EVERY FEW YEARS, American pop-radio listeners go on an intercontinental field trip. In 1981, sparked with a sudden fascination for Vegemite sandwiches courtesy of Men at Work's "Down Under," rock fans began clamoring for more music from Australia--and U.S. record labels delivered by signing Aussie bands by the truckful. Never mind that the highly touted "Aussie Invasion" produced only two other bands with lasting appeal, INXS and Midnight Oil. Without Men at Work's welcome mat, Americans may never have known the delights of "Crocodile" Dundee or Foster's Lager. Later, spurred to social consciousness by the USA for Africa single and Liveaid, Americans made a goodwill trip to the Dark Continent, along the way picking up a little Swahili from Paul Simon's Graceland and finally returning home to the tune of "Don't Worry, Be Happy," an only slightly African-rhythmed number rendered by the sly Bobby McFerrin in such a mannered voice it nonetheless sounded to many Middle American ears like the last Air Africa luggage carrier bidding them a carefree, guiltless journey back home to the land of plenty.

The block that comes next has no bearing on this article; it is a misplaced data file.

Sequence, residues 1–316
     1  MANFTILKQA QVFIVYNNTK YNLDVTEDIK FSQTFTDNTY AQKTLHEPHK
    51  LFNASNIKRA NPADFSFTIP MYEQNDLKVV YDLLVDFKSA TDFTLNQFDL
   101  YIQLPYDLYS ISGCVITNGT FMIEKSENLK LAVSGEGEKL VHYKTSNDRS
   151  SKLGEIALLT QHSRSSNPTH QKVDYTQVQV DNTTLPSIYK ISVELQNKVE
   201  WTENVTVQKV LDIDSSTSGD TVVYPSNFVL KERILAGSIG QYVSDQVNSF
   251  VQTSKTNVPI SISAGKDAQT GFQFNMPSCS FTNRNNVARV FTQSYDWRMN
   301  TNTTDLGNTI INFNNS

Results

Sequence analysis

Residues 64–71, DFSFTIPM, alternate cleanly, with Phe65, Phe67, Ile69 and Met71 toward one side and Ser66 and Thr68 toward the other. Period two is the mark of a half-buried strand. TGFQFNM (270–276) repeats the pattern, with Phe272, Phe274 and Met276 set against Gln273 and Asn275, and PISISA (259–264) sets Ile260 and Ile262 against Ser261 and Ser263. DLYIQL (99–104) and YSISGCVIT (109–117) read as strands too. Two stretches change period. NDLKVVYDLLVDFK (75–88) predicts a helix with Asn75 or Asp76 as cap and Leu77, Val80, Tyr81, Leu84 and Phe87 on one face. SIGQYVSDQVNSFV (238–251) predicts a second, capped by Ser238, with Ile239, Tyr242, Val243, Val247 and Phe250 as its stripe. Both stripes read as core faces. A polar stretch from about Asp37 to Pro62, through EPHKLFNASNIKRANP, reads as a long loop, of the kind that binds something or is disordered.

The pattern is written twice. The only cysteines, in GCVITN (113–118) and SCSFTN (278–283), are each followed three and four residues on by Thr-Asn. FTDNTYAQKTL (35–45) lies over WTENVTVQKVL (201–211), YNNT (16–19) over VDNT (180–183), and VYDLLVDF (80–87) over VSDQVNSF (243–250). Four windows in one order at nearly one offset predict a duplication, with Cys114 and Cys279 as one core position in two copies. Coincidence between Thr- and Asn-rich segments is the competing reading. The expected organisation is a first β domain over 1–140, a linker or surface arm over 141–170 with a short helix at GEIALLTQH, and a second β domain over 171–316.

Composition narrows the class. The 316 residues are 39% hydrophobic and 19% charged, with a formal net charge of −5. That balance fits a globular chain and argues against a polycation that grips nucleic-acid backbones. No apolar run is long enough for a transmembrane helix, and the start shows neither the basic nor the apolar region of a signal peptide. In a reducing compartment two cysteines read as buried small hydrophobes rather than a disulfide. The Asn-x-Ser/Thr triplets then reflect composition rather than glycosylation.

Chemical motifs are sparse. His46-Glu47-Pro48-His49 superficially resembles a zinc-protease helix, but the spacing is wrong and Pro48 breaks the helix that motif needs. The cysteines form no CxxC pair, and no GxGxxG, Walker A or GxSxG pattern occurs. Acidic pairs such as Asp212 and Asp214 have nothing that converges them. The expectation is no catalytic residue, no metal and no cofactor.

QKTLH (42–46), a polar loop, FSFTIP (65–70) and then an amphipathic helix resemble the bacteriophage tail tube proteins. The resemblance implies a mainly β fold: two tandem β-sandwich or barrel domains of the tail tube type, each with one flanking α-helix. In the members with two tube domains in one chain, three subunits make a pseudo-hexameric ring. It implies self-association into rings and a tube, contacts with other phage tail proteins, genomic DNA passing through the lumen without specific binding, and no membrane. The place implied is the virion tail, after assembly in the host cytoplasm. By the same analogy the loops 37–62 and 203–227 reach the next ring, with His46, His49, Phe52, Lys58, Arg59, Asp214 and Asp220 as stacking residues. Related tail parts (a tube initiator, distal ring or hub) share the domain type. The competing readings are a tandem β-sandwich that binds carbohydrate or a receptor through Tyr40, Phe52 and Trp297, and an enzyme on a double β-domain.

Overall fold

Presently, the nation's oldies stations are busy commemorating the 25th anniversary of the British Invasion, and rock fans, reminded of the fun in welcoming a wave of cheeky foreigners to our airwaves and concert stages, are looking off both coasts for the next Big Thing. At the moment, Ireland seems the most promising exporter.
U2, of course, is the new invasion's Fab Four. "It is, obviously, U2's success that has got people looking at Ireland's bands," admits O'Toole. "But there's always been good music in Ireland," he quickly adds. "U2's just got people focusing their attention on Ireland now and seeing what's happening here."